Vladimir Hipman - Prace Je Ziva, Prague Ceská Grafická Unie A. S., 1945
Hipman is a great talent and an author with considerable technical skill. He realizes this important monograph about Czech industry in the aftermath of World War II. Unfortunately he disappears soon after because of a political purge. Hipman pays homage to the work of man through views of factories, steel structures, storage of raw materials, portraits of workmen. He does it without falling into an easy celebratory rhetoric. This book is dear to me: it was hard to obtain it after searching for a long time. In the nineties I had a real passion for books printed in heliogravure (technique widely used until the seventies, marked by a great materiality of ink and a depth of blacks never reached later in the printing of photo books). So I began to put myself in search of the ones I thought were most interesting.
Paul Strand/Claude Roy - La France de Profil, La Guilde du Livre, 1952
Book on French countryside with photographs by Strand of 1950-1951, created together with writer Claude Roy, beautifully printed in heliogravure. Strand promoted an idea of photography that is a unified whole, without mediation, without gimmicks, direct. In 1940 he said to his students: When you put a photo on a wall, or it works as a whole or not at all. Every excuse, every argument, every scaffold that is created around compromises it further. It become a fundamental concept in all of my work as a photographer. The book is interesting for the way it integrates text and images in a game of subtle counterpoint graphics and references of sense. The text never becomes the caption of the picture and vice versa. The next thing that struck me as odd and intriguing of this work is that, despite the declaration of intent of the authors, especially Roy, to reject an approach vis à vis of the reality, the images of Strand continue to be strictly icastiche, resuming the approach, dear to the great American photographer, of the frontal portrait.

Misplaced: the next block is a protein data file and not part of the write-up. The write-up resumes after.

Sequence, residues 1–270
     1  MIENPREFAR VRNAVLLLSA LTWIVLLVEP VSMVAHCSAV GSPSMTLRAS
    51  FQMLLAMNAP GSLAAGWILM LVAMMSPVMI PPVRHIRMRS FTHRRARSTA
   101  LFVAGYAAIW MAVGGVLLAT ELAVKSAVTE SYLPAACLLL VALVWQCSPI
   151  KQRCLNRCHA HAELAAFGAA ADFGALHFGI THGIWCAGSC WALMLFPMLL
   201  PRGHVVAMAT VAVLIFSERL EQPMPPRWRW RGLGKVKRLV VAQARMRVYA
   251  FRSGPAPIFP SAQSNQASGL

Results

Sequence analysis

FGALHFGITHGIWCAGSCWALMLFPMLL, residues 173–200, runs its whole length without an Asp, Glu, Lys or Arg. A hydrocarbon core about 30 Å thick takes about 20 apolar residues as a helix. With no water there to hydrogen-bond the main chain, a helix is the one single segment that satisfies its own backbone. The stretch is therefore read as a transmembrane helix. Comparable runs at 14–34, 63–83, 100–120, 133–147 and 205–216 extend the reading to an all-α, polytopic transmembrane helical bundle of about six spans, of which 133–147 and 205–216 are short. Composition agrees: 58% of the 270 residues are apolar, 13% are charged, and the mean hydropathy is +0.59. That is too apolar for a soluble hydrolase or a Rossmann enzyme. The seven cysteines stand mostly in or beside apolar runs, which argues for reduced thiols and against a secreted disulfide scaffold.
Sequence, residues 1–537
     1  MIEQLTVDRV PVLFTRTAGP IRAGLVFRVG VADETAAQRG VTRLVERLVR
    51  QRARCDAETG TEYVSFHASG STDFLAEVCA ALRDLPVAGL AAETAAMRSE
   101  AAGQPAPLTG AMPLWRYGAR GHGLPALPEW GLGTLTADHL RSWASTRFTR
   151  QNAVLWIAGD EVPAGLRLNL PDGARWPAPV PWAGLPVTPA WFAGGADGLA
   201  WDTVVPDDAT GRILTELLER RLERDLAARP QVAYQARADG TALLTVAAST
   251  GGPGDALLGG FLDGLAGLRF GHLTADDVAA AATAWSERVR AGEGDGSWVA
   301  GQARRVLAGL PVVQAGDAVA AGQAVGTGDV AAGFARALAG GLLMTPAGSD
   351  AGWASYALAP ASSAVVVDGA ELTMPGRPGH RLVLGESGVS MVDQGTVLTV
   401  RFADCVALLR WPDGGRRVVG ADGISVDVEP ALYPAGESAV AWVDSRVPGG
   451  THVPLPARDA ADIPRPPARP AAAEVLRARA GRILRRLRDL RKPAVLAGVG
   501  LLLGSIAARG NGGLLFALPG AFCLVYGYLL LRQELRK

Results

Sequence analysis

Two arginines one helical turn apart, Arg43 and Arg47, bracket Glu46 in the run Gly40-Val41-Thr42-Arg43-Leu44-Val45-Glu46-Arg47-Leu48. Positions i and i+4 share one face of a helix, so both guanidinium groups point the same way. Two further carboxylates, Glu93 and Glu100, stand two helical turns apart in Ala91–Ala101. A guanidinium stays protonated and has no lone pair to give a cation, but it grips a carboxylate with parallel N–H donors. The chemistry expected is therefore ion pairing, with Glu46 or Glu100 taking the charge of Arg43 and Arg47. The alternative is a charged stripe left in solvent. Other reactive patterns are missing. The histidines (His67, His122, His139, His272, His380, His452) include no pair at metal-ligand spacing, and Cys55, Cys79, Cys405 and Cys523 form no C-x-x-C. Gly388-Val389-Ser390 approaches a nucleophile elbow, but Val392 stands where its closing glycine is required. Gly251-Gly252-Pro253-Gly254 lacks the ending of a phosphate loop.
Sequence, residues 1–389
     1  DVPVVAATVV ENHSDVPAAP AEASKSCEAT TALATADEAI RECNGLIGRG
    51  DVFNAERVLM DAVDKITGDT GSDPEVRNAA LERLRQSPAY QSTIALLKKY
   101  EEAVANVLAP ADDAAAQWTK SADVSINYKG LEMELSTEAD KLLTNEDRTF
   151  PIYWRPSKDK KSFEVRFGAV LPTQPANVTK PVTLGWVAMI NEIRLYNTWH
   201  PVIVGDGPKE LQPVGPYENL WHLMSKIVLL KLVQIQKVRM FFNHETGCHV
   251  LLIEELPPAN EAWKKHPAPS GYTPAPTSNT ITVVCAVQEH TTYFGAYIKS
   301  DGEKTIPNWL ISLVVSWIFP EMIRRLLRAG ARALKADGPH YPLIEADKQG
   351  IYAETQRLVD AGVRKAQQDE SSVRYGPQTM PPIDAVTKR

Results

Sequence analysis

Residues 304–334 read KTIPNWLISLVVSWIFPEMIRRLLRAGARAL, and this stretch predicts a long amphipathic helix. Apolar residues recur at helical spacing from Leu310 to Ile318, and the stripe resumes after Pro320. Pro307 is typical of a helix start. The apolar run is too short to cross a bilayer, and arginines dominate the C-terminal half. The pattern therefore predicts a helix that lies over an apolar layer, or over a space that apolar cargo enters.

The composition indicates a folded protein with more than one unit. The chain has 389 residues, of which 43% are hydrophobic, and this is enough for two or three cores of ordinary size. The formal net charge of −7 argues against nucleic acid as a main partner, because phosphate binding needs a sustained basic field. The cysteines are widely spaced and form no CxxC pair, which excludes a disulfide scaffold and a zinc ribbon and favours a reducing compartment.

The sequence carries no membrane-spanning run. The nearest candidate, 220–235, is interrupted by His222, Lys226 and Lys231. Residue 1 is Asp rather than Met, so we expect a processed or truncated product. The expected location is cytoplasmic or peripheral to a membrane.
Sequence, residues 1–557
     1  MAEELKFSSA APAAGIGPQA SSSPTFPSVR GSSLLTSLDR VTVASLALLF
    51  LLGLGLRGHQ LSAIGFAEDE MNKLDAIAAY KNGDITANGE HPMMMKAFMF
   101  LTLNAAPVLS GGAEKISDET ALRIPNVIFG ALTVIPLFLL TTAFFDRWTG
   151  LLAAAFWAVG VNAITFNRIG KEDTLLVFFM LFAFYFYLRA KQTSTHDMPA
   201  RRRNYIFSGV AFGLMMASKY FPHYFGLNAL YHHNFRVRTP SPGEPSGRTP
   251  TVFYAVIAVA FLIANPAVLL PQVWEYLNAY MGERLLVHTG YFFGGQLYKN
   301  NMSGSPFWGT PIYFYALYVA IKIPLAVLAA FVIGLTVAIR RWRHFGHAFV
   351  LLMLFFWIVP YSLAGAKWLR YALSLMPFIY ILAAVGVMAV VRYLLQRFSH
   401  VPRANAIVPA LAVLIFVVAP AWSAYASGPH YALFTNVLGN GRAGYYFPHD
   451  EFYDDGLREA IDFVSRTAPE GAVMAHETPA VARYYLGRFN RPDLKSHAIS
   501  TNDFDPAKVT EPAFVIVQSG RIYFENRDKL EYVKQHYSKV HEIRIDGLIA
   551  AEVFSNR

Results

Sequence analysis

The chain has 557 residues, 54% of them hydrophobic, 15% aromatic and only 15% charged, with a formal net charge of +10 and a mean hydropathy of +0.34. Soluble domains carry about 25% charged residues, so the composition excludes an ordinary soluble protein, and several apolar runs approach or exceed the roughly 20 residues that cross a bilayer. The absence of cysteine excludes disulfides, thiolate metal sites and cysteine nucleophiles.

Sherwood Anderson/Art Sinsabaugh, 6 Mid-American Chants by Sherwood Anderson - 11 Midwest Photographs by Art Sinsabaugh, The Nantahala Foundation, Highlands, North Carolina. Jonathan Williams Publisher, 1964
Published in 1964, this is the first book of Art Sinsabaugh, created and curated by Jonathan Williams under the imprint of his Jargon Society. Williams was known for the beauty, style and uniqueness of his publications. The "Songs" of Anderson portray the rural landscape of the Midwest as a place of communion, a refuge from the oppression of the city, as an environment full of memories and mysteries. Art Sinsabaugh gave specific visual form to the literary images of Anderson, but with his photographic writing added a new element: a horizontal expansion of the frame which made the landscape even more poignant. Sinsabaugh worked with a Large Format Camera 12×20 inch., cutting the negative into a format more narrow and long. The final images at the same time they are very large and very small, long and thin. A line multiplied indefinitely, full of minute details in the boundary between the horizontal and the vertical.